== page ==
I have just posted an article on Blended Learning in the Teacher’s Monthly and I wanted to share some thoughts I’ve been mulling over about some of the options available to us as teachers once we decide to put our classes through the blender!
One way of looking at Blended Learning is to see it as simply bringing another channel into the classroom, hooking the classroom up to the wider world via the Internet. This opens up a wealth of possibilities, and much of the challenge inherent in Blended Learning is wrapped up in teasing out the wheat from the chaff. Every school is different, every class, every student, every teacher is different, and this makes this process a journey of individual discovery. Anyone who talks about not re-inventing the wheel doesn’t really know what they are talking about. In many ways Blended Learning is constantly about re-inventing wheels.
I am currently working with a teacher in Brazil, looking for ways to link up one of my classes to his class. We are considering Blogs, Skype, Twitter and Facebook at the moment. I have no idea which of these channels will prove the best match between the needs of his class and mine, but I do know that the benefits of opening up the two classrooms and establishing an exchange are exciting and is likely to be rewarding for all concerned. Bringing together people from different parts of the world, with different world views and different experiences unlocks huge educational possibilities. Last Wednesday I had my English class go onto the Blog site of the Brazilian class at http://kidblog.org/ and read a selection of blogs and post comments. I then got them to write their own blogs.
Now, one can easily see how creating a class blog could open up the classroom to the outside world. What is less clear is to what extent this adds to the learning experience. If it does not, then there is no sense in doing it. To my mind this is a simple test by which we should be assessing the effectiveness of Blended Learning: what does it add to the classroom experience?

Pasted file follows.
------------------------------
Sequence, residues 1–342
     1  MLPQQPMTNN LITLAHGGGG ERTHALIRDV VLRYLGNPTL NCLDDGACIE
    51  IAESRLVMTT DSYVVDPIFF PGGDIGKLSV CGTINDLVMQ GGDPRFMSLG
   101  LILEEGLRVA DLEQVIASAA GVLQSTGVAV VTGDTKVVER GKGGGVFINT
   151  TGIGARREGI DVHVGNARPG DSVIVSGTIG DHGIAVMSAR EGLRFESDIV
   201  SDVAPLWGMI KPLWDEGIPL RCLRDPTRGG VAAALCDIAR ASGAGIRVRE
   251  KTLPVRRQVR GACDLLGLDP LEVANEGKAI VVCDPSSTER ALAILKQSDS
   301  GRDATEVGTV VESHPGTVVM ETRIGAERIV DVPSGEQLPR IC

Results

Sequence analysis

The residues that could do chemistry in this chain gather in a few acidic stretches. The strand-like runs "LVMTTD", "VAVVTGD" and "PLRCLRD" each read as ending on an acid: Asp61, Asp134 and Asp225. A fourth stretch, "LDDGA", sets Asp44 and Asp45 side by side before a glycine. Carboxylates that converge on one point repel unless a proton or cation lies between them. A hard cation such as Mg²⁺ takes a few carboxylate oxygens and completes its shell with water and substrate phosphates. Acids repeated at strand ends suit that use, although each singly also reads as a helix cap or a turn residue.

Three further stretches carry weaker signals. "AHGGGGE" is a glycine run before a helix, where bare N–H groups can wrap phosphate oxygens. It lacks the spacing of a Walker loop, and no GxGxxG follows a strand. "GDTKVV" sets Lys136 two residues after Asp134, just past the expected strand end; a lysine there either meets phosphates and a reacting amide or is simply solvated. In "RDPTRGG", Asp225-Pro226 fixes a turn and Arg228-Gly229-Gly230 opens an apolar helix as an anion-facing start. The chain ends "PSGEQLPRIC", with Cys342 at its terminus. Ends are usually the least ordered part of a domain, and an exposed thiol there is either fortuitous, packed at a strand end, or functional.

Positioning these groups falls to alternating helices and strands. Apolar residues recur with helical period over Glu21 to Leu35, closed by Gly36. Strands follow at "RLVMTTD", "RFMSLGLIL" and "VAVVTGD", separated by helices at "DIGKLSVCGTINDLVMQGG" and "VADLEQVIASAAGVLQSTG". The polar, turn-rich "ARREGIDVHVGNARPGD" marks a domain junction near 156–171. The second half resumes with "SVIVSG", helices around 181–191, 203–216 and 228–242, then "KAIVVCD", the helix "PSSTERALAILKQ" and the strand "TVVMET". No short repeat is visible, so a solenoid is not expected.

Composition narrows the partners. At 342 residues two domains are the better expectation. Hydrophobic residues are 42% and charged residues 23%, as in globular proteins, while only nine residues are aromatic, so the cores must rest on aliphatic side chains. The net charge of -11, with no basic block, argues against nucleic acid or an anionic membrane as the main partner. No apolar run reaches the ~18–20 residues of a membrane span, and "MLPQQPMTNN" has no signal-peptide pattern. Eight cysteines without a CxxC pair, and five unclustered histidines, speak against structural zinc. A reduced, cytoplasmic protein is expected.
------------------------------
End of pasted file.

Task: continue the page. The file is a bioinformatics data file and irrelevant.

Sometimes what it adds is extra functionality enabled by the affordances of a particular technology. A blog site, for example, allows for instant and professional looking publication of student writing, and for rapid feedback from others in the form of comments. When I started teaching, if I wanted to give students authentic writing opportunities I had to get them to write to a local newspaper or photostat a class, or school magazine. The blog is a huge advance on the tools I had at my disposal previously. To my mind, then, if done properly blogging is a crucial tool in a blended learning environment.
Applying the same criteria, I am sure that for most classrooms, in most situations, Skype, Twitter, Facebook would all be seen to add value in that they clearly enable things which could not be done, or were difficult to do without technology. It is not in the technology itself though, that the value lies, and it is important to remember that what might work in one context, might fail dismally in another. The crucial factor, as always, is the teacher, and the passion and commitment they bring to finding the best solutions to any given problem.
The Blended Classroom, thus, is a bit like a blender. You’ve got to hook it up, and give it a whizz, tasting frequently to find the right mixture.